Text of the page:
Nvidia's move to buy back $25 billion of its shares after its stock more than tripled this year caught some investors off-guard, even as they cheered a stellar second-quarter report.
Nvidia shares, which rallied in the days leading up to its report, climbed more than 6 per cent on Thursday but pared gains to end the day little changed.
However, the company's stock buyback – the fifth-biggest repurchase announcement among US-based companies this year, according to EPFR – surprised some investors.
Companies commonly repurchase their stock as a way to return capital to shareholders.
Such buybacks can benefit a stock's price by reducing the supply of shares and increasing demand, and can boost earnings per share, a closely watched investor metric.
But while shareholders often see buybacks as an encouraging sign when a company’s stock appears cheap, Nvidia’s shares are up 220 per cent in 2023, leaving investors searching for the reasons behind the company’s move.
"It's a little bit of a head-scratcher," said King Lip, chief strategist at Baker Avenue Wealth Management, which has $2.5 billion in assets under management and counts Nvidia as a top-10 holding.
"As a shareholder, we like to see stock buybacks, but for a company like Nvidia that is growing so fast, you kind of want to see their earnings being ploughed back into the company.”
Daniel Morgan, a senior portfolio manager at Synovus Trust, which owns Nvidia shares, said the move "comes as a surprise" given that Nvidia is "a hot growth tech name", as opposed to companies with sluggish financial performance growth that turn to buybacks to help prop up earnings per share.
"The message seems to be that [Nvidia's] management believes that their stock is undervalued," Mr Morgan said.
For some investors, an "undervalued" Nvidia might be a difficult message to stomach. Nvidia shares traded at 45 times forward 12-month earnings estimates as of Wednesday, compared with about 19 times for the overall S&P 500, according to Refinitiv Datastream.
"Historically, you'd love it when a company is able to buy their stock back when it is depressed, but I don't think anybody can make the case that it is at a depressed place right now," said Tom Plumb, chief executive and lead portfolio manager at Plumb Funds, which has Nvidia as one of its largest holdings.
However, Mr Plumb said the company might be limited in how it can use its resources after its deal to buy semiconductor designer Arm Holdings collapsed last year amid regulatory concerns.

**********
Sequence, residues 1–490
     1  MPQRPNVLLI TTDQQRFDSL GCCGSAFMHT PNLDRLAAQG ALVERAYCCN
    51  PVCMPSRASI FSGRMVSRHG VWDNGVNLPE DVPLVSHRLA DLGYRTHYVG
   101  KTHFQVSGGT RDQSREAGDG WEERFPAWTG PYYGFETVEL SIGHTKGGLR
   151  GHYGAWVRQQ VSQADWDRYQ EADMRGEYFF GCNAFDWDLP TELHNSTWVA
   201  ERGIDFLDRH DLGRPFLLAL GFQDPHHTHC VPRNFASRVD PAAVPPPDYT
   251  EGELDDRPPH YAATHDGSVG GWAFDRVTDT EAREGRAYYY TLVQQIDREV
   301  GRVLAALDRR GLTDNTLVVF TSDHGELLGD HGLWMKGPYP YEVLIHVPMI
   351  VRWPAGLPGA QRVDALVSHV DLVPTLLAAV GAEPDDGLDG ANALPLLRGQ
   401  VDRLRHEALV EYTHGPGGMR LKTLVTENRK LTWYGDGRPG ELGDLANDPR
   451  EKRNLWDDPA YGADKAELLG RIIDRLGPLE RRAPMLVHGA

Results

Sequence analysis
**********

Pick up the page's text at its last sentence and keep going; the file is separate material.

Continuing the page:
"They're generating incredible amounts of cash, more than they need for their current investment strategy, and they're prohibited from buying significant complementary businesses," Mr Plumb said.
"So, what are they going to do with their cash?"
Nvidia spent about 27 per cent of revenue on research and development last year, in line with rival chip companies.
The company did not immediately respond to a request for comment.
In its second-quarter earnings release on Wednesday, Nvidia said its board approved $25 billion in additional share repurchases "without expiration", and that the company planned to continue repurchases this fiscal year.
Despite the staggering dollar amount, Nvidia's buyback amounted to only 2.1 per cent of its market value of about $1.2 trillion as of Wednesday.
That is less than the historic 2.58 per cent buyback yield for the overall S&P 500, when looking over one-year periods, according to Howard Silverblatt, senior index analyst at S&P Dow Jones Indices.
Meanwhile, several other megacap technology and growth companies have announced even bigger buybacks this year: Apple at $90 billion, Alphabet at $70 billion and Meta Platforms at $40 billion.
Tech companies tend to prefer using cash for buybacks over dividends, because "if they are on the hook for a dividend every quarter that may hinder their ability to take advantage of growth opportunities", said Daniel Klausner, head of US public equity advisory at Houlihan Lokey.
Some investors welcomed Nvidia's buyback decision.
"It’s a show of confidence," said Francisco Bido, senior portfolio manager for F/M Investments' large cap focused fund, which holds Nvidia shares.
"If they had better use for [the cash], I am pretty sure they would have done it."